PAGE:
Survey: Should DOD continue its "Don't Ask, Don't Tell" policy or should DOD adopt a stronger policy that prohibits homosexuals from serving in the U.S. military?
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Should DOD continue its "Don't Ask, Don't Tell" policy or should DOD adopt a stronger policy that prohibits homosexuals from serving in the U.S. military?

TOPIC/HISTORY: The Supreme Court recently decided that all adults, regardless of sexual orientation, are entitled to a right of privacy when participating in a consentual act of sex. The United States military is gravely concerned about this ruling. For many decades the United States military enforced a policy of separation of sexes and prohibition of homosexuality.

MEASURING HETEROSEXUAL ACTIVITY
AMONG TROOPS

Heterosexual activity among troops can always be measured by the number of pregnancies that occur. The Clinton Administration briefly experimented with co-ed sexual cohabitation and training. However, due to the sharply increased number of pregnancies and fraternal/administrative complications evolving from heterosexual relationships/proximity the Department of Defense has since re-instituted separate but equal training and habitat environments for military males and females. During the first Gulf War approximately 25% (twenty-five percent) of the females transported to the Gulf Theater by naval vessel became impregnated. During the recent war in Iraq approximately 11% of the women involved in that operation became pregnant. For this and other reasons the Dept of Defense is now conducting a major reassessment of female involvement in hostile overseas missions.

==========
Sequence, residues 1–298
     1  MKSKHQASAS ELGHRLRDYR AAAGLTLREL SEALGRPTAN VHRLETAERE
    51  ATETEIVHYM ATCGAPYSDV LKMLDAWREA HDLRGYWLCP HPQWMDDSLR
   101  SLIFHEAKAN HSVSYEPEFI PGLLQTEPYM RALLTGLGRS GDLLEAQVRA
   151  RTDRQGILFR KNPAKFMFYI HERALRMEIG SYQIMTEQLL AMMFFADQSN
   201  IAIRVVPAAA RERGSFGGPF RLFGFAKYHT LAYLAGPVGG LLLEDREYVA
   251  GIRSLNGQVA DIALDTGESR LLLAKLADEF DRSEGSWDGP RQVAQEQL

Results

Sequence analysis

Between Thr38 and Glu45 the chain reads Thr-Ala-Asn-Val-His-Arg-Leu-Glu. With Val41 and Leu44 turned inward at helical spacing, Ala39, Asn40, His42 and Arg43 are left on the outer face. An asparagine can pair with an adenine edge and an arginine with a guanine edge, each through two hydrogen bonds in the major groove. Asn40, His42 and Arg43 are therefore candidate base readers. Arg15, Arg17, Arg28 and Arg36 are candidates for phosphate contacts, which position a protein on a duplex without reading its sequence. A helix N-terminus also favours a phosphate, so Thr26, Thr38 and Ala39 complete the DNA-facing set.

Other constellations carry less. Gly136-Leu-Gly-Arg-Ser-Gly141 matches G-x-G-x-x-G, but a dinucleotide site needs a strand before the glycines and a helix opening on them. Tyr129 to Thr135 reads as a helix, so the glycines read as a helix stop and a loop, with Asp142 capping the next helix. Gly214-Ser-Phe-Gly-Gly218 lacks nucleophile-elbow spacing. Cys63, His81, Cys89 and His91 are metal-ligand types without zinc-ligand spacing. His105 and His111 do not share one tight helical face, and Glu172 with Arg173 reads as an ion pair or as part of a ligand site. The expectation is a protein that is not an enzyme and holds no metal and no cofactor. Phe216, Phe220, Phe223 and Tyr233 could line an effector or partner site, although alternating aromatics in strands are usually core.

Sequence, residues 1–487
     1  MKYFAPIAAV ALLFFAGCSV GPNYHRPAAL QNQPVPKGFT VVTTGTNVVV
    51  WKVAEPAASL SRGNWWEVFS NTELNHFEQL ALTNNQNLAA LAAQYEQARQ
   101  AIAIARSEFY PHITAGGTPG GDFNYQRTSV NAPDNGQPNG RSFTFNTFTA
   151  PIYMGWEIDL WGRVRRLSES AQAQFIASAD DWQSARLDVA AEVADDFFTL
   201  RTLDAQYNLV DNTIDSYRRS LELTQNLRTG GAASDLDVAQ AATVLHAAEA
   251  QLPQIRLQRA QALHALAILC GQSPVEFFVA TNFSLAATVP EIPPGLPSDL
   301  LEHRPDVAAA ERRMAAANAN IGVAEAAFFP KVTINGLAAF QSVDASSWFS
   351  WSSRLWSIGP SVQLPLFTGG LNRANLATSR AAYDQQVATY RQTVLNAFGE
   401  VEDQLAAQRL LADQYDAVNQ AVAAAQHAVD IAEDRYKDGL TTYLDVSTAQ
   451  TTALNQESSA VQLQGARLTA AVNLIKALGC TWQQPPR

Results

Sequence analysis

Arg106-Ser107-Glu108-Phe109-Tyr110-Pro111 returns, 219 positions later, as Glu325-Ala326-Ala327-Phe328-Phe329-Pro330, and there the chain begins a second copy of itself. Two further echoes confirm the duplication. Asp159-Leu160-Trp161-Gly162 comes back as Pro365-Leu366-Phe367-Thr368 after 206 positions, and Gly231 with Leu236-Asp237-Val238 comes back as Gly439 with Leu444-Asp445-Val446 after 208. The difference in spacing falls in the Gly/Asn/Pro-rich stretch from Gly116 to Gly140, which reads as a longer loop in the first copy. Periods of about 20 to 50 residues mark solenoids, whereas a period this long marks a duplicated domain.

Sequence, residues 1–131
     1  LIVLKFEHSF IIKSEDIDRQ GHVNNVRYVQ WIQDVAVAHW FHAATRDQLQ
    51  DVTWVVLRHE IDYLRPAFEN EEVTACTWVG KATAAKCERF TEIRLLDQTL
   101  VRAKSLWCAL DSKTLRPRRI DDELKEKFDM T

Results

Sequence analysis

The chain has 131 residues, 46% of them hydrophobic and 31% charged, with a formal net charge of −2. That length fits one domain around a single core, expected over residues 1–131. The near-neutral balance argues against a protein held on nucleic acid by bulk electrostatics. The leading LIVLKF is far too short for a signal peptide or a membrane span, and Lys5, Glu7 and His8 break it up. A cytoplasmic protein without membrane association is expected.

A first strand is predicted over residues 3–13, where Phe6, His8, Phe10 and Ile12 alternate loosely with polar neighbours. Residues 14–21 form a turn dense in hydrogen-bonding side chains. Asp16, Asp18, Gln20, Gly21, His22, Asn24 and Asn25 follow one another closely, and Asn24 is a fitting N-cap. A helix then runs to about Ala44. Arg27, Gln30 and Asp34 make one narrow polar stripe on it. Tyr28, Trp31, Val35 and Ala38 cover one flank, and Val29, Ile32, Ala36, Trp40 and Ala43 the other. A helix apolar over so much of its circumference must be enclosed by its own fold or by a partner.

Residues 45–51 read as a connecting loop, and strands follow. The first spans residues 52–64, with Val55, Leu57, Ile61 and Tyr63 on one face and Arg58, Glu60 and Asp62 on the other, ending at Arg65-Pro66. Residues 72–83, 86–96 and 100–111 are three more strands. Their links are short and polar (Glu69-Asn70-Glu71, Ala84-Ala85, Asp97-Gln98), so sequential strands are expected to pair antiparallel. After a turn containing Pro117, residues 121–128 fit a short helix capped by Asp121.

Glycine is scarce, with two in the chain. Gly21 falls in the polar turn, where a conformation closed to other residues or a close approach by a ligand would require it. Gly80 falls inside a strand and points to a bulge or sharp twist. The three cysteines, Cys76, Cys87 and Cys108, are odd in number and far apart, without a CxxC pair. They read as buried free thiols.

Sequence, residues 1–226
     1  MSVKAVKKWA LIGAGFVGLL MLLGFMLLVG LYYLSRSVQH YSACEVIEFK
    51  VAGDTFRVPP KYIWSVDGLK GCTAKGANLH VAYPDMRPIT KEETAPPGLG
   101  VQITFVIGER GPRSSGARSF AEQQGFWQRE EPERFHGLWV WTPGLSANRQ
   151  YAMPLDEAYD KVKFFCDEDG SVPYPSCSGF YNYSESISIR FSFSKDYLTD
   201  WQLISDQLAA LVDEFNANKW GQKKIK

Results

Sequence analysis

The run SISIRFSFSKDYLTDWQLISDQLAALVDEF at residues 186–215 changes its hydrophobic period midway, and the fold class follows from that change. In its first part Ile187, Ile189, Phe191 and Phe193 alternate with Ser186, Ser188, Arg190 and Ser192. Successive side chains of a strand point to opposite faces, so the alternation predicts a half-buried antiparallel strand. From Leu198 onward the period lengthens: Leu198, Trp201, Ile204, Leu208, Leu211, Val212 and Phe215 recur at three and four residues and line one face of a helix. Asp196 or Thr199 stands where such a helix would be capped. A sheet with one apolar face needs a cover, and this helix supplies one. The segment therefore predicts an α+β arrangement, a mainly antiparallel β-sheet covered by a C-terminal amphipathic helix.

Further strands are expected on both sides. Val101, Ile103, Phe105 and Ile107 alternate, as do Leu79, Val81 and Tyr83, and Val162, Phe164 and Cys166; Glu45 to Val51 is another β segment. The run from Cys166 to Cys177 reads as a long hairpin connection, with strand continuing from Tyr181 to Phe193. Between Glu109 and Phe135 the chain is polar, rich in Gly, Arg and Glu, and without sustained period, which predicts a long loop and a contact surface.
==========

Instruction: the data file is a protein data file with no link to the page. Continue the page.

MEASURING HOMOSEXUAL ACTIVITY AMONG TROOPS

Because homosexual relationships cannot produce pregnancies, homosexual relationships can only be measured by instances of reported morale aberrations due to favoritism expressed toward, or rejection received from, intended sexual targets.

PRIVACY TO EXPRESS OR ENGAGE
IN SEXUAL ACTIVITY IS THE PRIMARY FACTOR
DETERMINED BY THE SUPREME COURT

As anyone who served in the military well knows, there is no privacy in any military environment. Personal privacy in non-combat conditions is rare; privacy in combat conditions is all but non-existent. Understandably, the Department of Defense is very concerned about maintaining each serviceperson's limited privacy when performing biological and self-maintenance functions such as cleansing, waste removal, etc. However, because homosexuals seek and achieve sexual arousal and stimulation in closed environments such as showers and restrooms where heterosexual servicepersons reasonably expect privacy, the Department of Defense is understandably concerned that the recent Supreme Court decision will motivate or encourage homosexuals serving in the military to express or demonstrate their sexual orientation in ways and in quarters that will seriously damage the morale of heterosexual servicemembers.

QUESTION: Should DOD continue its "Don't Ask, Don't Tell" policy or should DOD adopt a stronger policy that prohibits homosexuals from serving in the U.S. military?

    Continue current policy
    Make the policy stronger

Did you serve in the miiltary?

    Yes
    No

Are you heterosexual, homosexual or bisexual?

    Heterosexual
    Homosexual
    Bisexual


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